A federal judge this week tossed out part of a lawsuit Bethpage Water District filed against Northrop Grumman over groundwater contamination plaguing the supplier.
Magistrate Judge Anne Shields at U.S. District Court in Central Islip sided with the defense contractor, saying the water district filed too late to meet statute of limitation requirements for the contamination found around a well site on Sophia Street — where district officials said elevated levels of radium forced them to close down the pump.
The part of the lawsuit concerning the contamination at the Park Lane well site will be allowed to continue.
The water district filed the lawsuit in 2013 but amended the case last year, seeking an unspecified amount to cover costs of existing and future groundwater treatment facilities to remove contamination, including volatile organic chemicals, the oxidizer perchlorate and radium.
The groundwater plumes have been traced to about 600 acres in Bethpage where the Navy and what is now Northrop Grumman operated research, testing, design, fabrication and assembly plants from the 1940s until 1998. The sites are listed in the state Superfund program and are subject to several cleanup plans.
Contaminated groundwater was first documented in the 1940s, and the water district has spent millions of dollars treating groundwater to create drinking water for nearly 33,000 residents. About $350,000 has been spent on the lawsuit, a district spokeswoman said.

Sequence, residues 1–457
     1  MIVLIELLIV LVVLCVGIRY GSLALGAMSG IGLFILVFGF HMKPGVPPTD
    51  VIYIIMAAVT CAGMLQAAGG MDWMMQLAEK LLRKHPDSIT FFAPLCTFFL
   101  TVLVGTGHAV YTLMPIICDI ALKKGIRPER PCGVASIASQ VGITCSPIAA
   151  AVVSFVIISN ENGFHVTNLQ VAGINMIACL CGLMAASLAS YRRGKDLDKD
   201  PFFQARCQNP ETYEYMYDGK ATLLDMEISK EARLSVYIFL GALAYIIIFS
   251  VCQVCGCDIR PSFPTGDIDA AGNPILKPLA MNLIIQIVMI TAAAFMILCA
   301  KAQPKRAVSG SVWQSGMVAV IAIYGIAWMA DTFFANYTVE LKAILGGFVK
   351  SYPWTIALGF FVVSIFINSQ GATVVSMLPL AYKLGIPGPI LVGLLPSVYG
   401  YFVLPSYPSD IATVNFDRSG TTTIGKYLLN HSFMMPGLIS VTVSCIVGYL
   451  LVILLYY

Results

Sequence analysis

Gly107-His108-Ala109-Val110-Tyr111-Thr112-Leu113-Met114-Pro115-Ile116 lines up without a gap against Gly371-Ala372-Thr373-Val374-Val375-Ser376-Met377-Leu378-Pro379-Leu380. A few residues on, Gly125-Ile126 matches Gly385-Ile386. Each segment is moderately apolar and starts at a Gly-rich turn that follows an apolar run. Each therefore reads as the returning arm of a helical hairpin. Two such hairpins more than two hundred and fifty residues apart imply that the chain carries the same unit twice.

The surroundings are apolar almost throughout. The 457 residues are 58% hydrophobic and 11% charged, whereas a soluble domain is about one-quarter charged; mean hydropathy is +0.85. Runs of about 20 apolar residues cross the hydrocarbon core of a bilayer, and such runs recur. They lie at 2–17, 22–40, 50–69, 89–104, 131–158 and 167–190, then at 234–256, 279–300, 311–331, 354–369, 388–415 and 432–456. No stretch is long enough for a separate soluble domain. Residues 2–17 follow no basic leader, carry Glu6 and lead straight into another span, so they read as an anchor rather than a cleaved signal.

Shields dismissed Bethpage’s claim because state law requires such suits about toxins to be filed within three years of discovery. She said evidence presented in the case show the three years would have begun in November 2009 at the latest, meaning the district would have had to file suit by November 2012, not one year later.
“We’re disappointed in the decision,” said Robin Greenwald, who represents Bethpage. “We disagree and we’re going to be filing the appropriate objections.”
Northrop Grumman spokesman Vic Beck declined to comment because the case is still being litigated.
In 2014, the Navy announced it had found the carcinogenic solvent trichloroethylene, or TCE, about 2,100 feet from the Park Lane well site. Federal drinking water guidelines for TCE are set at 5 parts per billion and the Navy well found the concentration of TCE to be 4,600 parts per billion.
Bethpage Water District Superintendent Mike Boufis called the decision a minor setback. “I really think we have a strong case,” he said. “We’re going to move forward with it.”
Both sides have said they have filed more than 2 million pages of documents so far in the case.
In its request to dismiss the case, Northrop Grumman said the claims were time-barred and the district “alleged and admitted that it identified a need to upgrade its [Sophia Street] water supply system over three years before this action was commenced.”
But in response filings, Bethpage said the fact of when the statute of limitation begins should be up to a jury. The district said spotty data from Northrop Grumman, not knowing the true delineation of the contamination and other studies, did not paint a full picture. The water supplier said being proactive should not start the clock. The district “could not and should not have risked public health by waiting until contaminants enter its vital wells, overwhelming existing treatment systems and entering its distribution system,” court documents said.